October 18, 2009

Dr. Paul Ehrlich
Department of Biology
Stanford University
450 Serra Mall
Stanford, CA 94305

Dear Dr. Ehrlich:
I am posting this letter on my website nobabies.net recommending your classic book (The Population Bomb, Dr. Paul R. Ehrlich, Vail-Ballou Press, Binghamton 1970).  Like Tamerlane I read, perhaps too carelessly, a mingled feeling with my own.  Like you I should like to see the long term survival of humanity at some acceptable level of comfort.  That requires a stable population.  You suggest one to two billion as being about right.  I note from your chart that one billion was about the population in 1850, when we may not quite yet have been addicted to fossil fuels, but we were cutting trees at an unsustainable rate, so I take a billion still to be somewhat high.  The most basic prudence mandates a level that could be sustained even if, horror of horrors, our high tech civilization should be lost. 

I also like your style.  Like me you acknowledge that things can get very bad.  You are comfortable with numbers.  And you think there is hope in public spirit.  Much of what you say seems very contemporary considering the many changes since you wrote your book.  Surely some of the reason that your direst predictions have not yet come true is that your warning was heeded. 

Currently people seem to place their faith in ever increasing technology to feed us and in the demographic transition, whereby urban populations have reduced fertility, to control our numbers.  The demographic transition seems to be the only thing that really does reduce fertility on the required scale, but its cause, although known, is almost unknown. 

Let me review where babies come from.  Three things are needed.  There must be couples.  There must be suitable air, food, shelter and so forth to keep them reasonably healthy.  And they must have sex.  All of these are necessary.  None is sufficient alone.  As it turns out, even the combination of all three are not adequate for long term survival, for having enough babies.

A rather small randomly mating population will have ample fertility.  If the number in the mating pool rises very much, fertility will fall below replacement levels.  That is proven on the enclosed ten minute DVD.  There is more evidence on the web site and more to come.

In other words, if and only if a man and woman marry and are closely enough related, but not too closely, they will have enough babies for the community to survive.  (The effect accumulates over generations.)  This must be understood before any rational approach to a stable population is possible. 

In a sense we are looking at instability from opposite sides.  You see the dire consequences of too many babies.  While I thoroughly agree, I also see the dire consequences of no babies at all.  When I look at the crude fertility rate of Mexico over the past eight years, it appears that the last Mexican woman who will ever have children will be born in about 11 years.  The fall is almost a straight line.  Looking at what German statistics I have, it looks like the last German woman who will ever have babies was born about 10 years ago.  In other developed countries, immigrants are counted as members of the population, so the numbers are less clean, but the entire developed world has fertility below replacement and it has remained there for a generation or more.  I suspect Germany is a reasonably good surrogate for the developed world.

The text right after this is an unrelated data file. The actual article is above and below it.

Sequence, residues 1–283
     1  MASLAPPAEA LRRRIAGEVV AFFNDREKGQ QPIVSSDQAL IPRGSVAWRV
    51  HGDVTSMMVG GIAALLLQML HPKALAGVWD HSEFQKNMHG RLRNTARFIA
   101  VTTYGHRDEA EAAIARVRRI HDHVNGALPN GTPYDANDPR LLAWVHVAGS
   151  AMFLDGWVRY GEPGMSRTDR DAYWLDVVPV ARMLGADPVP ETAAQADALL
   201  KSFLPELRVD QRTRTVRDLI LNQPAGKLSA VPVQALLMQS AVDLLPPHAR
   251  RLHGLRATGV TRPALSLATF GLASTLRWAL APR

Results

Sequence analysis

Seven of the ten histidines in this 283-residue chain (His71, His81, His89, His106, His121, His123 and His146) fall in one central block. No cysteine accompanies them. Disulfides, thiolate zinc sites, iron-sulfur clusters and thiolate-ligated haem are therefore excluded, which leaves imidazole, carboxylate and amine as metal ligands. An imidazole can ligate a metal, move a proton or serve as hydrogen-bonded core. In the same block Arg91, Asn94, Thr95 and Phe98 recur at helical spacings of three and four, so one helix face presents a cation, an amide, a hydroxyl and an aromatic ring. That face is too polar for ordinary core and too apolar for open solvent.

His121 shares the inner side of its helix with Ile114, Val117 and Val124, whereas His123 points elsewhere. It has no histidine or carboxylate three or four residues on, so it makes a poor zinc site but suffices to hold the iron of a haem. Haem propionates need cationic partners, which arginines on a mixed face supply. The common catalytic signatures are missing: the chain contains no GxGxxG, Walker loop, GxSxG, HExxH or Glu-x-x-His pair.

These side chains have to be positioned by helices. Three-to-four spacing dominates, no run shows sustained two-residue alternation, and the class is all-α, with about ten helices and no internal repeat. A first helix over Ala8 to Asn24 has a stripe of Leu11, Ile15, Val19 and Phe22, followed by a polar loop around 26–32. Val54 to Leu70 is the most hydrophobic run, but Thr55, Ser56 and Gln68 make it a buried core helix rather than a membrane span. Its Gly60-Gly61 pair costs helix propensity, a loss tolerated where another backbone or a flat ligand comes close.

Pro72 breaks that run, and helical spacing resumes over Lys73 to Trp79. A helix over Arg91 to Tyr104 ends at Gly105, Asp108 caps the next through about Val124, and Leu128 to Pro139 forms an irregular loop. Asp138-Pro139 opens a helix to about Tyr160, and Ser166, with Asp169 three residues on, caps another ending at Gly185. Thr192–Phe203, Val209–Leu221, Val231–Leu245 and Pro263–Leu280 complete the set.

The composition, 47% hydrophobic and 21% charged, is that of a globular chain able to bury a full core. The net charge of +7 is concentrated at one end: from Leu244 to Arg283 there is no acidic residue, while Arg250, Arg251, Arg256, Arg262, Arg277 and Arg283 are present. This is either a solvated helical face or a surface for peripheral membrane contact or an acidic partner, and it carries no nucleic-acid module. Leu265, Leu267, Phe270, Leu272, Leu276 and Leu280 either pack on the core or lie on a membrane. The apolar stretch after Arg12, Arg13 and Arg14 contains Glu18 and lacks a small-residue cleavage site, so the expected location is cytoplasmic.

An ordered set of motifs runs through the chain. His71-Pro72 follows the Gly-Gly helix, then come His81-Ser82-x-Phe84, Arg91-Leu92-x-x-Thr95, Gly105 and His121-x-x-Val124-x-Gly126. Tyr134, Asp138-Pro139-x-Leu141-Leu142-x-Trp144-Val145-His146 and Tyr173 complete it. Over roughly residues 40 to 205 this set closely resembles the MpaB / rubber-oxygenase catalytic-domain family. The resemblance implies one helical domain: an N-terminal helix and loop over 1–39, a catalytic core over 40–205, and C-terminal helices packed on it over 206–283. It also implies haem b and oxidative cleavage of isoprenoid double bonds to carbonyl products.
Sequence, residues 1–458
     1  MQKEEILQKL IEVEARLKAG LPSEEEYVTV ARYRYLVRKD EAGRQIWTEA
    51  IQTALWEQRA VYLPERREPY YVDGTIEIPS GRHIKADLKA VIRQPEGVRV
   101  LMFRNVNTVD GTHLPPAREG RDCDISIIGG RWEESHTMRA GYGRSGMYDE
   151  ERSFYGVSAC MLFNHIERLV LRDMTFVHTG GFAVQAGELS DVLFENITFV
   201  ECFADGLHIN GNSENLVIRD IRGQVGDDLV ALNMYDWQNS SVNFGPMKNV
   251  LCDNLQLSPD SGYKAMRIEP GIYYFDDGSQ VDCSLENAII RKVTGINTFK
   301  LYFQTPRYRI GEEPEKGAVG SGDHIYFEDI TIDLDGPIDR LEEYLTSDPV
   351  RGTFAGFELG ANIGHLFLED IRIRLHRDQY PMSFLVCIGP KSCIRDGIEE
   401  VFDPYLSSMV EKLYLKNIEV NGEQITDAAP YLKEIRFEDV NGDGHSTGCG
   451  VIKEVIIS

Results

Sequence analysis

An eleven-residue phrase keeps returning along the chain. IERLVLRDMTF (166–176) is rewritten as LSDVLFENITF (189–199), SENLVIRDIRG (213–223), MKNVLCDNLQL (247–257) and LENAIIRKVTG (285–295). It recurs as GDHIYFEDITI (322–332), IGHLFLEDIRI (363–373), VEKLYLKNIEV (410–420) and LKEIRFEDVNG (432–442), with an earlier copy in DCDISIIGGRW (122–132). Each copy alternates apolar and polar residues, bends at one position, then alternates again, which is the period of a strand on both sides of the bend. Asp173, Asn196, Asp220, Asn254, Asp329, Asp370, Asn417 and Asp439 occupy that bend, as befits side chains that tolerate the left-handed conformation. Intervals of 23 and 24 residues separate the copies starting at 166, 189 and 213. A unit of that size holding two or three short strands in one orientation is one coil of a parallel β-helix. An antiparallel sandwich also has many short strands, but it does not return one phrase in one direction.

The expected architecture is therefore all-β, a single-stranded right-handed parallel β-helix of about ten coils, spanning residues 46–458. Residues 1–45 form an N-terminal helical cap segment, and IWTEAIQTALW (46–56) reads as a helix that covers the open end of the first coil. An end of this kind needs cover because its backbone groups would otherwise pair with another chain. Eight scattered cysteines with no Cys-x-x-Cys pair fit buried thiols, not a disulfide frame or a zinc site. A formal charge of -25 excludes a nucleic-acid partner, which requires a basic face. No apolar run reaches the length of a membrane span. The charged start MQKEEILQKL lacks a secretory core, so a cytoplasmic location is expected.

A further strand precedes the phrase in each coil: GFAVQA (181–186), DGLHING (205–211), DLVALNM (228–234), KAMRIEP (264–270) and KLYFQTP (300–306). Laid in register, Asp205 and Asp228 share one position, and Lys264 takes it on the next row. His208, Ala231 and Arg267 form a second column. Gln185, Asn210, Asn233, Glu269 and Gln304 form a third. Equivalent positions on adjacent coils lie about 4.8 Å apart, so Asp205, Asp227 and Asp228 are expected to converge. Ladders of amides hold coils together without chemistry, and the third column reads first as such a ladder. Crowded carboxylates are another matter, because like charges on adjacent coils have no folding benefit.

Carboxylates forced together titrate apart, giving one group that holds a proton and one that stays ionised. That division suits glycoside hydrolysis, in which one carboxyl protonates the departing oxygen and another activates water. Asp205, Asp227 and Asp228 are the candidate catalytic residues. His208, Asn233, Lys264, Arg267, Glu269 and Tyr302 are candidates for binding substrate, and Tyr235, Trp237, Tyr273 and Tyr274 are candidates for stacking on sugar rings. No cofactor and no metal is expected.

The fertility being lowest in rich countries, one is tempted to observe that those people are the most expensive to feed and they represent a disproportionate drain on resources anyway.  But for the foreseeable future, maintaining the green revolution will require even more scientific and technological advances.  Those are most likely to come from the countries we are going to lose first, leaving behind a world of maybe seven billion on a planet that can support without high tech only a couple of billion under the best of circumstances, and circumstances will not be the best.  We might conceivably transfer our science and education to the least developed countries over a couple of generations, but so far the developed world appears to be a brain drain on the less and least developed. 

I am sure people listen to you and think, “You don’t like babies,” even though they may not say it to you.  And if anybody listens to me, I am sure some are thinking, “But there are too many babies in the world anyway,” even though they do not say it to me.  So in their minds they are playing the two problems off against each other. 

I am thinking myself that we should make common cause.  You have a sensitivity to environmental and practical limitations and are eloquent and forceful in your arguments.  I know what has happened to the babies in the rich world.  Actually, I have given you enough so that you don’t really need me any longer.  I notice on page 104 that you had written a letter to the USDA and actually got a reply that attempted to address your challenges.  I just about never get that much of a response from anybody.  So my chances, despite every effort I am able to make, of getting this concept into the public consciousness are very small. 

If things were to go by the usual pattern, I would not even get an answer from you addressing the issue.  If you do, I shall be delighted to help you in any way I can in getting this terribly important matter understood adequately and getting public debate started.  Nothing could be more important that stabilizing the population.  Apathy is useless.


M. Linton Herbert MD

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